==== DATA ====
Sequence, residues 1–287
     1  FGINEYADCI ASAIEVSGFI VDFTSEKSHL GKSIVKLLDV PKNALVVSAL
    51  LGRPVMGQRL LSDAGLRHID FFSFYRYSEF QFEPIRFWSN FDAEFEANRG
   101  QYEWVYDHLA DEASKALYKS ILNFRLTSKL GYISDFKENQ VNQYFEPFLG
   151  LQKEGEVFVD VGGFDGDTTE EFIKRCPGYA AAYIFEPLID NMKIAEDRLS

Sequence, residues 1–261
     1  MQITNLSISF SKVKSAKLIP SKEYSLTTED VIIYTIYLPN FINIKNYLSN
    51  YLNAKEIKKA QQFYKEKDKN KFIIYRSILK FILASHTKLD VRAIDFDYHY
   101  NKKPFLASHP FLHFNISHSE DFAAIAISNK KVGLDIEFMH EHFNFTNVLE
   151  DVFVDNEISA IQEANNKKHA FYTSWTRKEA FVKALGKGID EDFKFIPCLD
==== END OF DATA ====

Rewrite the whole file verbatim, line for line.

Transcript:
Sequence, residues 1–287
     1  FGINEYADCI ASAIEVSGFI VDFTSEKSHL GKSIVKLLDV PKNALVVSAL
    51  LGRPVMGQRL LSDAGLRHID FFSFYRYSEF QFEPIRFWSN FDAEFEANRG
   101  QYEWVYDHLA DEASKALYKS ILNFRLTSKL GYISDFKENQ VNQYFEPFLG
   151  LQKEGEVFVD VGGFDGDTTE EFIKRCPGYA AAYIFEPLID NMKIAEDRLS

Sequence, residues 1–261
     1  MQITNLSISF SKVKSAKLIP SKEYSLTTED VIIYTIYLPN FINIKNYLSN
    51  YLNAKEIKKA QQFYKEKDKN KFIIYRSILK FILASHTKLD VRAIDFDYHY
   101  NKKPFLASHP FLHFNISHSE DFAAIAISNK KVGLDIEFMH EHFNFTNVLE
   151  DVFVDNEISA IQEANNKKHA FYTSWTRKEA FVKALGKGID EDFKFIPCLD